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« Reply #19 on: May 16, 2007, 11:07:43 AM »

I grow those little red chili peppers.  I've been using the seeds from the previous year's crop for about 8 years now.  The first two years here in Toledo (2004 & 05) I got bumper crops but the last couple of years nothing.  The plants never even matured.  I start them off inside, in big pots (where they've always stayed I had been living in apartments) with a good grow light.  This year I made an indoor greenhouse for them in the basement, and they've just recently come up.

Could they be a hybrid variety that is not viable after a generation or two?  I know that some are that way, but will usually not sprout at all from what I have seen.  Also, always be careful of overwatering plants.  A lot of times when I give other gardeners help, it turns out that they water too much.

You probably know all this anyway.  Maybe the weather has just been poor for that sort of plant?
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Andrew Borntreger
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« Reply #20 on: May 16, 2007, 11:15:59 AM »

I've noticed peppers are delicate in the colder weather.  Thats why I'm sitting on the edge of my seat whenever I notice a drop in the temperature lately.  I usally buy the plants already started.  Luckily I have several garden shops in 5 minute traveling area that sell seedlings 6 for below $3.00.  Beans and peas I usually do from seed.  How much do you folks play for you plants?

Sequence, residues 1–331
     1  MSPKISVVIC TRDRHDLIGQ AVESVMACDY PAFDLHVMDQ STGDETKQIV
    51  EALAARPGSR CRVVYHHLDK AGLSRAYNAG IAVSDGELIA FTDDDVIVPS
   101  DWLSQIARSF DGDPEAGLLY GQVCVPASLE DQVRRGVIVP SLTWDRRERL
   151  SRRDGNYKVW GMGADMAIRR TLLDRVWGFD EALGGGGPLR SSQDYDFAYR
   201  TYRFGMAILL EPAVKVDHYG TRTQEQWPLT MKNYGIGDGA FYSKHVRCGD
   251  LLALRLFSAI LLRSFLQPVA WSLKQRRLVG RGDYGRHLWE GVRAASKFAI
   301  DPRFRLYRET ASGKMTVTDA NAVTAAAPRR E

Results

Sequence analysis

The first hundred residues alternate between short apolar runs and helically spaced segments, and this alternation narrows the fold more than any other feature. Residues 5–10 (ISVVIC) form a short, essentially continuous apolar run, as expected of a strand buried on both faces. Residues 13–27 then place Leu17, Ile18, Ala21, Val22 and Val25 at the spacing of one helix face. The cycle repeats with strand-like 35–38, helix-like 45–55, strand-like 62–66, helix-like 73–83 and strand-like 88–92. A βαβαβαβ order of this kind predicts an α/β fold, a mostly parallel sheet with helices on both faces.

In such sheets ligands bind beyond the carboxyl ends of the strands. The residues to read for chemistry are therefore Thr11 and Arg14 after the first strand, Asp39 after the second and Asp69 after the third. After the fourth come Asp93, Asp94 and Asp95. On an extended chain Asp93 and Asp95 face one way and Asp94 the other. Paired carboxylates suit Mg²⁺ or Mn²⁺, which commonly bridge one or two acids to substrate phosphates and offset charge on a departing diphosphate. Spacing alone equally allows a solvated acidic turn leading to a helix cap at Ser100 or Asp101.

Anyone ever do corn?  Any tips would be appreciated. 
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« Reply #21 on: May 16, 2007, 11:39:23 AM »

Around here most plants are $2 - $3, depending on maturity.

I have had mixed results with corn.  It seems to like a lot of water, but you also have to give it some shelter from the wind.  You know, Native Americans supposedly grew the "Three Sisters" in clumps.  At the center would be corn, then climbing beans around the base, and finally squash a little farther out.  Apparently, this helped to conserve water around the plants and provided the best bang for the buck.  Everything worked together.
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« Reply #22 on: May 16, 2007, 03:43:43 PM »


Could they be a hybrid variety that is not viable after a generation or two?  I know that some are that way, but will usually not sprout at all from what I have seen.  Also, always be careful of overwatering plants.  A lot of times when I give other gardeners help, it turns out that they water too much.

You probably know all this anyway.  Maybe the weather has just been poor for that sort of plant?

I got about 6-7 generations out of them, the last two were real good.  Of course now the seeds are about 2-3 years old.  Last year the plants were inside, with the grow light and they sprouted & pretty much died.  I'm trying not to overwater, thanks.

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« Reply #23 on: June 07, 2007, 11:20:32 AM »

I just finished up my big garden at the farm the other day.  I'm actually sharing it with my grandfather in law.  So far we've got;

two rows of onions
5 rows of corn
one row of hot portugual peppers